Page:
The U.S. Department of Education has awarded $22.1 million for 41 grants through the Transition to Teaching program to increase the pool of qualified teachers in high-need schools in high-need districts by recruiting non-traditional teacher candidates, preparing them through alternative routes to certification, and increasing retention through strong mentoring programs, U.S. Secretary of Education Margaret Spellings announced. “Nothing helps a child learn as much as a great teacher,” said Spellings. “These grants will help states find innovative ways to attract business professionals and others to the classroom in order to fill the need for qualified teachers in hard-to-staff schools.”
Since 2002, Transition To Teaching (TTT) has awarded 150 grants to higher education institutions, state and local educational agencies, and nonprofit organizations to develop, implement, and evaluate innovative strategies in the recruitment, selection, preparation, and support of highly qualified teachers in high-need districts and schools. Districts must meet both a poverty and teacher qualification requirement to be considered high-need. Additionally, TTT is focused on core academic subjects at all grade levels, such as math, science, special education, and English as a Second Language. Over the program’s first four years, an estimated 17,600 TTT participants were hired to teach and were working in these areas.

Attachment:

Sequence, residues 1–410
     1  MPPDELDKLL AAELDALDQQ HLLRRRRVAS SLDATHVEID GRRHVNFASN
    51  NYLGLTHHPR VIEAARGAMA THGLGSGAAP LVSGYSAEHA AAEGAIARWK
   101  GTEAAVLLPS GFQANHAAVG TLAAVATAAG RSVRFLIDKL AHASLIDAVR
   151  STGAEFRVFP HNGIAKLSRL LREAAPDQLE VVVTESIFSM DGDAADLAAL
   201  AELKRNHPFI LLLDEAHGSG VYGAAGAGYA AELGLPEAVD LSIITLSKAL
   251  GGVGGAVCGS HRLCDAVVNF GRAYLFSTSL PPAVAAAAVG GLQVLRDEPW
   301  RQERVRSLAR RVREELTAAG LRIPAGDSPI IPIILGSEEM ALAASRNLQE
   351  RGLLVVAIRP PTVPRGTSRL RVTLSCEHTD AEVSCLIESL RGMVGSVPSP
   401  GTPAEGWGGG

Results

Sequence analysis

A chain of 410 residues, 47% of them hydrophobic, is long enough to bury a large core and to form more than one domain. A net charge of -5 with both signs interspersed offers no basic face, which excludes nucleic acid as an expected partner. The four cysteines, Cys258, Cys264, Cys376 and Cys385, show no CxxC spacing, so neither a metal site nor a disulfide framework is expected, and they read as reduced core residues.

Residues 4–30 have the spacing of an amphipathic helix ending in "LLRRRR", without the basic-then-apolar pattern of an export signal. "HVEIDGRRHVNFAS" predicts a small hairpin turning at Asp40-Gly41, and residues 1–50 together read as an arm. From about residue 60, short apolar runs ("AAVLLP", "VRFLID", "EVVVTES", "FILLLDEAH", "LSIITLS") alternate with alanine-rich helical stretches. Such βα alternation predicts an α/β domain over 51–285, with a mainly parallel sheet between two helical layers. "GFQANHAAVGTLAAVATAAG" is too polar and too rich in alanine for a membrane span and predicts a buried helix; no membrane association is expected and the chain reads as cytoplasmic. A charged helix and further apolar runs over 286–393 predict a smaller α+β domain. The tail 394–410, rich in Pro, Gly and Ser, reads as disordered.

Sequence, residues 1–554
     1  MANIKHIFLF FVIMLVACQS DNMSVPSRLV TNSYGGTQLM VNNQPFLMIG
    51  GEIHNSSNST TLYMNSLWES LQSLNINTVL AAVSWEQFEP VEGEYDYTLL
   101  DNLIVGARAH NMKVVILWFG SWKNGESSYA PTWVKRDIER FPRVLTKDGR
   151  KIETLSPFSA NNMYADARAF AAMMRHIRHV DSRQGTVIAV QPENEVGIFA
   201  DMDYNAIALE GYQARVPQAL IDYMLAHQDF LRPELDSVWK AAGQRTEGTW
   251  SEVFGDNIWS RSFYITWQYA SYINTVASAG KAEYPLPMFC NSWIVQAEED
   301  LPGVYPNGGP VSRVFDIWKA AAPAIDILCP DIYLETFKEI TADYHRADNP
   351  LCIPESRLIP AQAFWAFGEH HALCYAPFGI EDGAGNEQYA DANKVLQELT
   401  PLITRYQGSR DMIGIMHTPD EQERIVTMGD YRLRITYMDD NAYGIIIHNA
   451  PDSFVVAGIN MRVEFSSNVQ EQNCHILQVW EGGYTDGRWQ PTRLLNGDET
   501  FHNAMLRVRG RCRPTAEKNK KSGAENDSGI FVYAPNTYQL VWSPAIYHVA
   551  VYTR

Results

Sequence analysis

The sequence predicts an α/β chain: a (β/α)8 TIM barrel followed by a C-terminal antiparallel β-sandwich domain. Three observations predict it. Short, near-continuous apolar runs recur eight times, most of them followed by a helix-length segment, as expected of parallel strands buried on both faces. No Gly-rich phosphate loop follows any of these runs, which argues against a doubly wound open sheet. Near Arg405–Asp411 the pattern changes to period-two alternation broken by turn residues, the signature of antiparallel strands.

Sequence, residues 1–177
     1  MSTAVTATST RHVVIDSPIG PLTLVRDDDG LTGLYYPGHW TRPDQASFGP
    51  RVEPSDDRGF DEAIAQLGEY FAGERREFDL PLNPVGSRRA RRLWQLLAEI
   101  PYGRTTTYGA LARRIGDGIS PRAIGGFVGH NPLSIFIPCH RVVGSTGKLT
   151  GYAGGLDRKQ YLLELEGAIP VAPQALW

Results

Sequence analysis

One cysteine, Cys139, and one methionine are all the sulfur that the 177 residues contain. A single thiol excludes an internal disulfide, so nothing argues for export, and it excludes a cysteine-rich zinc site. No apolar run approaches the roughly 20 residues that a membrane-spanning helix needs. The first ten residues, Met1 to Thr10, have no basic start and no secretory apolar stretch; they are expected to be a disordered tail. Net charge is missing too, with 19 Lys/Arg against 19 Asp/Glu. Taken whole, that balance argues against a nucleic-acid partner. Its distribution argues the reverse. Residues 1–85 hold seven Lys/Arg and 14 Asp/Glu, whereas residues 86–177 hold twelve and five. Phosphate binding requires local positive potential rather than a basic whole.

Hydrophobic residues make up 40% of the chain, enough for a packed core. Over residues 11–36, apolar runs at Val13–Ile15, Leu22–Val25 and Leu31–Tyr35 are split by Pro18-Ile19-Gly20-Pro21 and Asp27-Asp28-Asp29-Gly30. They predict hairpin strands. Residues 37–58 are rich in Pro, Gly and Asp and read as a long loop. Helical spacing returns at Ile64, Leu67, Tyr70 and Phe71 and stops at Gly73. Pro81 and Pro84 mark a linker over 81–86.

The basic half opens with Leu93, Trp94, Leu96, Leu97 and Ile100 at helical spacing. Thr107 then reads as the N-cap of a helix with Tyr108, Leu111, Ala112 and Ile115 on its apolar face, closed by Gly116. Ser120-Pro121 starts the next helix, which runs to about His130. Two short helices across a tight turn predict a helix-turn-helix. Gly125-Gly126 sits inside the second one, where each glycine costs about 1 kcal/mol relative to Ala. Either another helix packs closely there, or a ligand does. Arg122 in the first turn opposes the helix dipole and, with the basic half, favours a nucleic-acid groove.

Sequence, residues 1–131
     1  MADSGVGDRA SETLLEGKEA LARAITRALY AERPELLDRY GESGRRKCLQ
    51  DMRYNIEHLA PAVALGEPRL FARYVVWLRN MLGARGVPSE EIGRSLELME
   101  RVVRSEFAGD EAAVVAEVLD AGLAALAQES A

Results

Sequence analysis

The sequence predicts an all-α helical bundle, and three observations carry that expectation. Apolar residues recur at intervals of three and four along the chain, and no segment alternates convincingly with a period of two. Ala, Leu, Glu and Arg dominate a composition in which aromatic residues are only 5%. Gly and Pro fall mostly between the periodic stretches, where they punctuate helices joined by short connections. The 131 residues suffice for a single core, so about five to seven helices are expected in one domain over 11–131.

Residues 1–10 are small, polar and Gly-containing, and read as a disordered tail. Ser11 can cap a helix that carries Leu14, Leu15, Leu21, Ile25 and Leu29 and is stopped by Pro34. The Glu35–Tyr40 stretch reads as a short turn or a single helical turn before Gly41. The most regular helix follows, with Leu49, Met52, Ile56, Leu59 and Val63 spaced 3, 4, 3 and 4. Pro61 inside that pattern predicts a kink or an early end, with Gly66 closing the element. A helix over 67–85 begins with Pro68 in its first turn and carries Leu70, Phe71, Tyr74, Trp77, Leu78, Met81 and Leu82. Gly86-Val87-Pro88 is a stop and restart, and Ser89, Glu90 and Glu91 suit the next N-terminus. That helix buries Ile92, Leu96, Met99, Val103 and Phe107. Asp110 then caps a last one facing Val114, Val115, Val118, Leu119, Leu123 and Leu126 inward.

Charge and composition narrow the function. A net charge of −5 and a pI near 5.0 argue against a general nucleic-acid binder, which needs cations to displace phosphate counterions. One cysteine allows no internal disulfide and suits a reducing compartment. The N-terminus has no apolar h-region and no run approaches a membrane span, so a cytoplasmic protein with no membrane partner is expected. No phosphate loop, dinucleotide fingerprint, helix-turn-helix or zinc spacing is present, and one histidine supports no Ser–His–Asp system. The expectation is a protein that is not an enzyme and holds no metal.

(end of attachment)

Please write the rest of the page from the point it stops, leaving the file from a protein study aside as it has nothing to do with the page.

The five-year grants support recruitment of mid-career professionals, recent college graduates and paraprofessionals. Projects include strong mentoring aspects in order to retain these new teachers for at least three years, which increases the likelihood that the teachers will remain in the profession.
Arizona grantees are:
- Arizona State University ~ $648,243
- Arizona Department of Education ~ $617,578
Click here for more information on the Transition to Teaching program.